Archives » April 12th, 2005

April 12, 2005

Then And Now

I’ve been searching the web for examples of “Then and Now” sites. You know, where you find an old photograph, and then go back to the exact same spot and take a picture of what it looks like today. Much like my own Virginia City Then and Now pages. I’m planning to one day expand that section to include the whole area, like Carson City, Reno, Minden, Lake Tahoe, and maybe even parts of Northern California. There’s a lot of history here, stretching back to the Gold Rush, and a lot of the old buildings are still around. So I went looking around to see how other people have done it, hoping to get some inspiration.

To start, there are the books. Thunder Bay Press seems to have made a whole series of these books, and I have two of them, the ones for Las Vegas and San Francisco. They’re pretty well done, with full-size photos—the historic photo on the left page, and present day on the right. If I ever get a book deal out of my project, I’ll have to use the same format. Maybe the flying pigs can help me.

Turning to the web, it’s hard to find anything quite that in-depth (each book has about 70 pairs of photos). One of the best is New York Changing, which I’ve pointed to before. That one is a book too, but most of the photos are available for viewing on the website. And today I found a couple of other cool ones. The first one looks at San Francisco, through the lens of Alfred Hitchcock’s Vertigo. The webmaster took stills from the 1958 film, and photographed the same scenes 45 years later. The second site is a look at Disneyland, Tomorrowland to be precise. It’s a Save Disney photo essay on how much worse off Tomrrowland is today than it was in the 60s, 70s and 80s, before budget slashing began and rides started being removed with no replacement. This one, unlike the others, doesn’t have the before and after shots on the same page. Instead you use Next and Previous buttons to flip through the pictures. The advantage to this method is that by flipping back and forth you can really see what’s changed and what hasn’t, especially on the shots where they were able to line everything up just right. In some of the shots you can even see individual trees growing!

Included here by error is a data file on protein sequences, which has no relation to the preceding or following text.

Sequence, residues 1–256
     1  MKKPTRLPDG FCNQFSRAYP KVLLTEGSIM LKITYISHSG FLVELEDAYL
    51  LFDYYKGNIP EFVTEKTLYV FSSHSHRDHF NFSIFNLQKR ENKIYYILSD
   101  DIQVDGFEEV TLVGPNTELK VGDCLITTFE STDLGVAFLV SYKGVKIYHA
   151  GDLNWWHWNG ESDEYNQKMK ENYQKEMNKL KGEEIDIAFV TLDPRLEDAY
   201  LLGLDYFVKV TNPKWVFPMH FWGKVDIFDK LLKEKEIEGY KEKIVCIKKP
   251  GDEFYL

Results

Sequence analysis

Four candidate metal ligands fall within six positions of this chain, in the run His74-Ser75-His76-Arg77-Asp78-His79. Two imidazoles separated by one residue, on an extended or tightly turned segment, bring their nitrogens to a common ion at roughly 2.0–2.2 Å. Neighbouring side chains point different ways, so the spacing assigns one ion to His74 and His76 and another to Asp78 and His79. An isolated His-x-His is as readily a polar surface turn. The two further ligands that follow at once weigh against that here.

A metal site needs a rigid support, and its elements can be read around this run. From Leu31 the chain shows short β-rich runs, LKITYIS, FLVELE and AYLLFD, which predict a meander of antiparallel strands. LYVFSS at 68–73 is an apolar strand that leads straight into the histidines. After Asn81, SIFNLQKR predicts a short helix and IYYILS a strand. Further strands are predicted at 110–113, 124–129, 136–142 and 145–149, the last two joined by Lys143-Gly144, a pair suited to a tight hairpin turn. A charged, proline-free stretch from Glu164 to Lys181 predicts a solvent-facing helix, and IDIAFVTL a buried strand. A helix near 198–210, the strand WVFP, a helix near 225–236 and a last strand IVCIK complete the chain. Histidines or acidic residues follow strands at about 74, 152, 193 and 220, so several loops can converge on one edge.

I’m sure there are many many more sites like these out there, and I’m hoping to fold together all the best ideas into my site. The next thing I have to do is go down to the State Museum and get my hands on their photo collections. The local paper has been running some of their historic photos, and there are some excellent ones in there I could really use. And then it’ll be time to get snapping!

So until then, check out my Virginia City Then and Now if you haven’t seen it yet.

Jason Benson

I got the word today that my cousin died over the weekend. He had been battling cancer for the last couple of years, and it looked like they had beaten it and he would be all right. But then it came back, and they went after it stronger than ever. He had just gotten home from the hospital and a particularly rough round of chemotherapy when he collapsed on the floor. It was an aneurysm, and he was gone before the paramedics arrived.

He was 23.

I could never really say I was close to my cousins. We played together a lot when we were kids, but my family moved away when I was 8, and they were both younger. After that we’d only see them twice a year when we went down to Orange County to visit family, then once a year, and then we stopped getting together. Our parents kept in touch, but we never did, and when I saw them four years ago at my grandfather’s funeral, it was like we were strangers. And now Jason, the youngest out of all four of us cousins, is gone. And now we do’t even have a chance of one day reconnecting.

It seems wrong for someone so young to be taken by cancer. It seemed wrong when I first heard he had it, and it seemed wrong that he would have to go through all the chemotherapy and everything at his age. And it seems extra wrong now, that his body just turned on him like that and devoured him from inside. Cancer isn’t supposed to be a young person’s disease. But it is. It doesn’t care who it strikes, or when. My wife had a distant cousin, a few times removed, by marriage, who was living the American Dream up in Puget Sound. He had a multi-million dollar business, a loving family, lots of friends, and a full rich life. But the cancer didn’t care about any of that. One day he was diagnosed, and within a month he was dead. You never know when it’s going to strike.

So rest in peace, Jason Benson. You were one of the unlucky ones, but at least now, as my aunt said, you’re “not being poked with needles anymore.” And for the rest of us, it’s just another reminder to enjoy every day that we have here.